Sgt. Pepper and Sgt. Botta: The Twisted Treatment of Soldiers:
Soldiers have always been just stiff plastic players on the foosball game of politics. Which is why it's not even remotely surprising that Karl Rove is in any way, shape, or globular form involved in a decision on whether or not to withdraw troops from Iraq. As a few Republican senators up for re-election make noise like they actually have the 'nads to oppose the White House, Rove is telling Bush, as ever, to play like he's got the only bucket in the sandbox: you wanna build any castles, you gotta do it on his terms. Meanwhile, Iraqi civilians are killed by the score in the civil war that's supposedly not yet a civil war, despite calls for citizens to arm themselves because their cobbled-together military can't do shit against all the different opportunistic groups that have risen up or ventured into Iraq like it's the day after Thanksgiving at the Dothan, Alabama Wal-Mart. And the fucked-up part is, of course, that it's all our American fault.

But it ain't the fault of the soldiers, whose burdens we ought to be bearing with greater magnanimity and greater selfishness.

The greater magnanimity would be in the much-discussed treatment of the injured soldiers. Beyond your Walter Reed, there's the myriad bureaucratic fucktardery that the wounded have to negotiate. The Rude Pundit's favorite story from the past couple of weeks involves Sergeant Pepper. Army Staff Sgt. Jason Pepper lost his eyes - literally - in an attack in Karbala, Iraq in 2004. So Sgt. Pepper was left "blind, with shrapnel in his brain, a shattered right arm and a surgically reconstructed left hand." When he settled down with his wife in a house south of Nashville, Tennessee, Sgt. Pepper sought a "Specially Adapted Housing" grant for $50,000 to make his house more accessible because he was rendered, you know, fucking blind because of his service to his country. But all he qualified for, because of rules set up by Congress, in the years before surgery could save his arm, is $10,000. If he'd've lost the arm or had some other limb or limb part amputated, he'd've gotten the full amount. But his eyes are apparently worth a fifth of one leg. Frankly, it seems it'd be hard to take a normal piss either way.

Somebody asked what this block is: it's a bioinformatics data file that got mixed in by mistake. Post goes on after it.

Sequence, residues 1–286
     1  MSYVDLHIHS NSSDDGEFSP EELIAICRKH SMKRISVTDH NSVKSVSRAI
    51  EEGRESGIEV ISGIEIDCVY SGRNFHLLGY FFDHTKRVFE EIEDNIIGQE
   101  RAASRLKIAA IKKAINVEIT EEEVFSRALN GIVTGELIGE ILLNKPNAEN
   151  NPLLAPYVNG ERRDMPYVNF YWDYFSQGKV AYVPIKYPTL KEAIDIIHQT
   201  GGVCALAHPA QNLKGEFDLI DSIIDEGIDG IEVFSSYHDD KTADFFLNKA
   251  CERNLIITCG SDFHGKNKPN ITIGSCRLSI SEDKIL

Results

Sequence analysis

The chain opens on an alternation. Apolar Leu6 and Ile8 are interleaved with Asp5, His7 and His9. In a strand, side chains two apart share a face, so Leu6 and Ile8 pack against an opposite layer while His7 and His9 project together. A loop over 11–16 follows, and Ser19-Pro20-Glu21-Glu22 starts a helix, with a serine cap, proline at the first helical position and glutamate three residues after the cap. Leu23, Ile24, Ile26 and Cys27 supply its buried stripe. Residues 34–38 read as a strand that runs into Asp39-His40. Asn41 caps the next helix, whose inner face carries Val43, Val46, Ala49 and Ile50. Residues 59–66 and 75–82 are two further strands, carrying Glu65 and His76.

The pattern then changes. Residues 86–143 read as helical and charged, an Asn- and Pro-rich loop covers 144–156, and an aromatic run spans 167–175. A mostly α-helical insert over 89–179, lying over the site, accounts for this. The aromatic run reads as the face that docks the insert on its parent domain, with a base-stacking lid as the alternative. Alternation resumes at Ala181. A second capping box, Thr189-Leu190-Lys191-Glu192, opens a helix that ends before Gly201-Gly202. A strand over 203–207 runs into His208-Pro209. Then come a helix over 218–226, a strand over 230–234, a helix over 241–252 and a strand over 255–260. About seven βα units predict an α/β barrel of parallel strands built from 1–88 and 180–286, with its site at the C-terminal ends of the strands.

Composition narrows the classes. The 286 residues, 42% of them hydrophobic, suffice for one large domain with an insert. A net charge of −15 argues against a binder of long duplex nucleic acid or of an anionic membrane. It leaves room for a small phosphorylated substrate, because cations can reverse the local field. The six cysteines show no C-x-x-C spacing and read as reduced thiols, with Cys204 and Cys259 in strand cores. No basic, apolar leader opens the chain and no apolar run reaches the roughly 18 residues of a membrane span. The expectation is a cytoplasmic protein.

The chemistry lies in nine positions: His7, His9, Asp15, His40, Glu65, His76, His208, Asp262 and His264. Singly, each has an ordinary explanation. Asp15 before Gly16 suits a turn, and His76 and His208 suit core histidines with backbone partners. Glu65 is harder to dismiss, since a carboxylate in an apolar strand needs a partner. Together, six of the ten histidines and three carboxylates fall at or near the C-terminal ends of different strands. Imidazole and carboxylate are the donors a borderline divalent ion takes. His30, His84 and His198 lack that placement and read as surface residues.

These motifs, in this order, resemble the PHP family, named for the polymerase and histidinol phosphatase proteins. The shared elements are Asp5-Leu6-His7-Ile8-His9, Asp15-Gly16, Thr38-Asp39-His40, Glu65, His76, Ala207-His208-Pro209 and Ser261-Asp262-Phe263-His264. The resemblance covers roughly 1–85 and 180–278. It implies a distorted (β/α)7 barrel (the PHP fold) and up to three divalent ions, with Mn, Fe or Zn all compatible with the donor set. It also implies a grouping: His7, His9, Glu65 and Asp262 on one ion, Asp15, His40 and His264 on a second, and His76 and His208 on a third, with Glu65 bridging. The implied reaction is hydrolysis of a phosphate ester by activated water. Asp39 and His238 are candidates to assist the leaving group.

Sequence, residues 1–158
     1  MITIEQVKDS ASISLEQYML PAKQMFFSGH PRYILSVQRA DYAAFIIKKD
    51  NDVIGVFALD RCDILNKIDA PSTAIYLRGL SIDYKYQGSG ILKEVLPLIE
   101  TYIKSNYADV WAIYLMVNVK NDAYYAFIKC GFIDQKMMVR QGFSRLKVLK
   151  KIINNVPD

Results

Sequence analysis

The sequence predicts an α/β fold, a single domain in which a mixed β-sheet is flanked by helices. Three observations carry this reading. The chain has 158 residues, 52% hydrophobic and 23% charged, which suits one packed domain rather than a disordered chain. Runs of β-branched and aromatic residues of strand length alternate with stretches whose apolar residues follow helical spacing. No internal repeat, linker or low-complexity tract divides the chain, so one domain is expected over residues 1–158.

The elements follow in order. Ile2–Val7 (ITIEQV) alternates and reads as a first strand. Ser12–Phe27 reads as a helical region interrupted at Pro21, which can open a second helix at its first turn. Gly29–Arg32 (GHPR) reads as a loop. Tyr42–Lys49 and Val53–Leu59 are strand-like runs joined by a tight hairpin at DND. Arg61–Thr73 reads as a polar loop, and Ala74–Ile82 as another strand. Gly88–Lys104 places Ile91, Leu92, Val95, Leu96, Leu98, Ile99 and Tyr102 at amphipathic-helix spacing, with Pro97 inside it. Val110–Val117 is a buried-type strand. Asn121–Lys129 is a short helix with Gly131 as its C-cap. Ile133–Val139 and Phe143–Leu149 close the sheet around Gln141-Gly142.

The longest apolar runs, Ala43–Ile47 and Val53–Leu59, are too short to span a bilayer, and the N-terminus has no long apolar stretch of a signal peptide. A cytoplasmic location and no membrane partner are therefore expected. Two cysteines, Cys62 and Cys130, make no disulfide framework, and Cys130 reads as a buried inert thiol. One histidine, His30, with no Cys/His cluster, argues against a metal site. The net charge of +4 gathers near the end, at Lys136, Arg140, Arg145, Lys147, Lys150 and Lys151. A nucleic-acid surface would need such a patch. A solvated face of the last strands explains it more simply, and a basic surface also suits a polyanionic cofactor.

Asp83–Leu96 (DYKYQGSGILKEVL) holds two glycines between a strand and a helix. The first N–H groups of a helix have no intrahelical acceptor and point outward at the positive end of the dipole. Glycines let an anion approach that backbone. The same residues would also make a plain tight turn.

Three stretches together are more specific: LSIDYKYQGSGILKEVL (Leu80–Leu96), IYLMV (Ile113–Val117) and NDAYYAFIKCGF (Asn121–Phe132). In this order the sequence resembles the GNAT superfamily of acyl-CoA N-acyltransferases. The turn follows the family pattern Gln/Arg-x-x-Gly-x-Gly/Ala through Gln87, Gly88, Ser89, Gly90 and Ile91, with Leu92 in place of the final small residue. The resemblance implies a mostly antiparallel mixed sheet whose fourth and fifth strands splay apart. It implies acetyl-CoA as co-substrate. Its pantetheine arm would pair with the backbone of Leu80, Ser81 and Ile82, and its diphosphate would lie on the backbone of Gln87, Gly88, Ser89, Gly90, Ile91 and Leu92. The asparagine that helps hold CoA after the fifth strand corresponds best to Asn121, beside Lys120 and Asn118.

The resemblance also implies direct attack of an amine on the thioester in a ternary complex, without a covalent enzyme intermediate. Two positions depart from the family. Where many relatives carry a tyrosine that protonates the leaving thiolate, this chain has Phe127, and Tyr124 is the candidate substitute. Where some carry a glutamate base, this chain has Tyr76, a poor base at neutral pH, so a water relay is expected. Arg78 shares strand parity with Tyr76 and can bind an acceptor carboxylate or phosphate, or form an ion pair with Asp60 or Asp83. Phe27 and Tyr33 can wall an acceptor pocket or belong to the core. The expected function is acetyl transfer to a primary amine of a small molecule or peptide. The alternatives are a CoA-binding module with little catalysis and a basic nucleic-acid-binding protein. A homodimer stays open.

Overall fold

Hey, congressional Democrats, you want a quick pro-military bill? How about a half-percent sales tax or some such shit where the funds go to support vets? Call it the "Patriot Fund," and dare Republicans to vote against it.

Greater selfishness means that we need troops at home, so we need the fuckin' National Guard, the goddamn Reserves, which have been broken like a bear that rides a bike in a Russian circus. For instance, a presumptive weekend warrior in Florida, in the seventh year of an eight-year Army Reserve stint, has been told to get ready for his fifth tour of duty, having already done one rotation in Afghanistan and three in Iraq. This is a reservist, Sergeant Erik Botta, who is proud of his service and deployed readily the last four times. This time, he risks not only his life and body parts, but his house, his job, his education. Let's get this right: he has been deployed four other times. The army struck down his appeal, and now Botta is suing the Army to stay his deployment. Sure, sure, you can say that Botta signed the contract, he's even using the GI Bill to go to college, so fuck him. But even prisoners get time off for good behavior. At what point does Botta get to say he's regular Army so he can get the benefits that come from that? At what point do we as a nation get to say to our leaders that this man has done more than any of them to "defend" the country?

So when Karl Rove inserts his putrescent pudgy puss into any discussion about whether or not the timing on troop withdrawal is politically expedient, someone from the military ought to walk in the Oval Office and beat him down like the rabid cur he is.

(Tip o' the rude hat to reader Mike for the Sgt. Pepper story.)